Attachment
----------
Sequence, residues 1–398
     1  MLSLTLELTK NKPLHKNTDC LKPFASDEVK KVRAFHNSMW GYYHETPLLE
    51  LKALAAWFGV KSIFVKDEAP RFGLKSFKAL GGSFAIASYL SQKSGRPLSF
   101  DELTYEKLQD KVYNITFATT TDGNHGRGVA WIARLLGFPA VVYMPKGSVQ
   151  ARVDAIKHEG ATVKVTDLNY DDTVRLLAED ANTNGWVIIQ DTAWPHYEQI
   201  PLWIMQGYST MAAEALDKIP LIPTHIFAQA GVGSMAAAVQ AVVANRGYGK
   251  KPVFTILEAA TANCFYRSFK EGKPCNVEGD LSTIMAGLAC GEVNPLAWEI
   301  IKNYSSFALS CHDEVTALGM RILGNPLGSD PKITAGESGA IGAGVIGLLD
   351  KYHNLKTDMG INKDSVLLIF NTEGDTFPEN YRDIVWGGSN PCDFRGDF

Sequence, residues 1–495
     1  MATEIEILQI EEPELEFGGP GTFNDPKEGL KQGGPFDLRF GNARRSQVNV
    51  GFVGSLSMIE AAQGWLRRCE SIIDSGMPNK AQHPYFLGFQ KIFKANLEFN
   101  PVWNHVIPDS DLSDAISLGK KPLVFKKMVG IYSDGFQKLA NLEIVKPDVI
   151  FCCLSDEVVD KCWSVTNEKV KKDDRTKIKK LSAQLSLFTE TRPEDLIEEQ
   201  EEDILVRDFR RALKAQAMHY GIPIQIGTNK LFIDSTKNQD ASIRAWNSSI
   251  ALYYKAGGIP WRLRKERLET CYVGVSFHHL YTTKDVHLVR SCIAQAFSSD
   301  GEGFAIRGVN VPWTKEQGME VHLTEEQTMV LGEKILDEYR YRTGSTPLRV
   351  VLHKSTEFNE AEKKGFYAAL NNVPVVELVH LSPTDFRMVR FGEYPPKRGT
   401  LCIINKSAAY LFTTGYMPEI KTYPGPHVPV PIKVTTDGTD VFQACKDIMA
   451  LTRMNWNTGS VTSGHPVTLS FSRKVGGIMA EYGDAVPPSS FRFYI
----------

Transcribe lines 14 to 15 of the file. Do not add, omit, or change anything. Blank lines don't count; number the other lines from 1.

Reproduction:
   151  FCCLSDEVVD KCWSVTNEKV KKDDRTKIKK LSAQLSLFTE TRPEDLIEEQ
   201  EEDILVRDFR RALKAQAMHY GIPIQIGTNK LFIDSTKNQD ASIRAWNSSI